Recent reports by scientists estimate that the proportion of plastic debris of our oceans will outweigh all sea life by 2030. Pause for moment about what this really means. Look at what we are doing to all sea life. We don’t have long to save our oceans.
While many refer to the Amazon rain forest as the lungs of the planet, it is actually the world’s oceans and their algal and phytoplankton activity that produce 80 percent of the world’s oxygen needs, our seas are the our vital lungs of the Earth. Yet the oceans are being subjected to an escalating pollution with plastic and toxic effluence contaminating the sea’s fragile ecosystems and food chains. While we continue to over-exploit over 85 percent of the world’s fish stocks. Some experts say that we are the last generation to be able to fish as we do with fish stocks rapidly declining. Read Our Plastic Seas, a Plastic Ecocide.
Plastics build up in their intestines, stick to their fins or cling to their necks until they can no longer breathe. Sea turtles are part of the group of animals most affected in Ecuador by the presence of this material in the oceans.
While these images tend to attract attention, they are not isolated cases. It is increasingly common for these species to be trapped in plastic bags or eat them, mistaking them for food.
Data from the United Nations shows that half of the world’s sea turtles have consumed plastic waste in their lifetime. It is estimated that at least a thousand turtles die each year from these causes.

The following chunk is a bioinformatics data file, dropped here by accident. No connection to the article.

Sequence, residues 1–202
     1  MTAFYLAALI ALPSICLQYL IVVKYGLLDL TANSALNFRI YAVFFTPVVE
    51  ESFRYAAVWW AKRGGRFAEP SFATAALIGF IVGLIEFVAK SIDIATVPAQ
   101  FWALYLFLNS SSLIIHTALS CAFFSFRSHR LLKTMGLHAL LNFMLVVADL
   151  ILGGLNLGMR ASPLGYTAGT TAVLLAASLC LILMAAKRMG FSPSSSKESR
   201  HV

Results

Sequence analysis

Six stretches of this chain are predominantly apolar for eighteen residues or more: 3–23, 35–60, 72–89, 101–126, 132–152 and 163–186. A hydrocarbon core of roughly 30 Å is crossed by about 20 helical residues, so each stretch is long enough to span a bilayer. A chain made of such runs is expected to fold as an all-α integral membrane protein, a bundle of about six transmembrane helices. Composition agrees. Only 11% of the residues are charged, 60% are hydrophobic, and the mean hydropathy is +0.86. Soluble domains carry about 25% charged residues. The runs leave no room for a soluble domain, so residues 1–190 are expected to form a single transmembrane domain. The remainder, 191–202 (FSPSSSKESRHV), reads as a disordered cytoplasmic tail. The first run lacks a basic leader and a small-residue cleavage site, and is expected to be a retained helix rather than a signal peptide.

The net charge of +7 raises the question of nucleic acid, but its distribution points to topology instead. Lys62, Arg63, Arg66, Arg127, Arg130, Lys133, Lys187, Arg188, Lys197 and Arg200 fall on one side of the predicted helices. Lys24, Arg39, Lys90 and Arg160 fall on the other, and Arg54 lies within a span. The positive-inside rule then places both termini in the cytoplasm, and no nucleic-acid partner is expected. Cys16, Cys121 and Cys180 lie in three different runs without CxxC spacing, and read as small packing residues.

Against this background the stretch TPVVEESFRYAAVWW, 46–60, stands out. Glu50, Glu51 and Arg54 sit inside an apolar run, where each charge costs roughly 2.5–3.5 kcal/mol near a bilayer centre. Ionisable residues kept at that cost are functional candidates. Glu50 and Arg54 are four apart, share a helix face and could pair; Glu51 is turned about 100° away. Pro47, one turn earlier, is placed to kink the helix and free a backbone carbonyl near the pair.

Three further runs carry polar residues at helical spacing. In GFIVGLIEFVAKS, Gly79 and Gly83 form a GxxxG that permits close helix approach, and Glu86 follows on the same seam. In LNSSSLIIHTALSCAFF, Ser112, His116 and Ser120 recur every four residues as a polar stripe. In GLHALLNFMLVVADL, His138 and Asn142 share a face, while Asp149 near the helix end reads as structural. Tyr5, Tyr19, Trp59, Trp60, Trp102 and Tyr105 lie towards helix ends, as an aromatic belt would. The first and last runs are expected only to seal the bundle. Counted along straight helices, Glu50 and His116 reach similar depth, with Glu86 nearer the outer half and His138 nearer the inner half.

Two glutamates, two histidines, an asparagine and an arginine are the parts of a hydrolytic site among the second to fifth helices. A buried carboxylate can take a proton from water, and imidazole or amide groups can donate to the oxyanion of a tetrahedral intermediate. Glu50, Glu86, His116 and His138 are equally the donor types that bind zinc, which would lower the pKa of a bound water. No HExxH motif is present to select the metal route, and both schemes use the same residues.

About 120 sea turtles arrive each year at the Marine Fauna Rehabilitation Center of Machalilla National Park, located in Manabí. Of these, around 80% need treatment for injuries or conditions related to plastics.
Rubén Alemán, a veterinarian and biodiversity management technician at the center, explains that most of the rescued specimens defecate plastic or have them inside.
Some turtles have intestinal obstructions because this material builds up in their body. Depending on the case, they undergo surgery or treatments are applied to be expelled. The biggest problem, Aleman says, is that the plastic gets tangled in the animals’ necks, suffocates them, and ultimately kills them.
On other occasions, it sticks to the fins, the tissue in this area rots due to lack of blood flow, and eventually doctors have to amputate its limbs.
The specialist says that there are currently two turtles in the center that had to undergo this procedure. They arrived with their fins amputated, as they had been found trapped in nylon and plastic.
The animals have completed the treatment at the center, but one of them will no longer be able to return to the ocean. A prosthesis will be built so that you can live under the care of the man. In other cases, the only option is euthanasia.
Turtles arrive with fractures in their shells or with their mouths destroyed, after hanging on hooks or biting nylon. Others have cuts on their bodies, caused by the knives used to remove them from fishing gear.
From babies, these animals must avoid the waste that humans generate and end up in their habitat. 2-year-old specimens that were already defecating plastics have reached Machalilla National Park.
“In marine turtles, all the cases concern me”, explains Alemán, who has worked for eight years in the only rehabilitation center specializing in marine fauna in the country.
This site hosts around 300 seabirds each year; of these, 50% have nylon or waste in their intestines. On two occasions, the specialists had to operate and remove the plastic from the intestine.
They have also had cases of sea lions with intestinal obstruction caused by garbage, disposable blankets, netting and nylon. According to Alemán, the problem continues to increase every year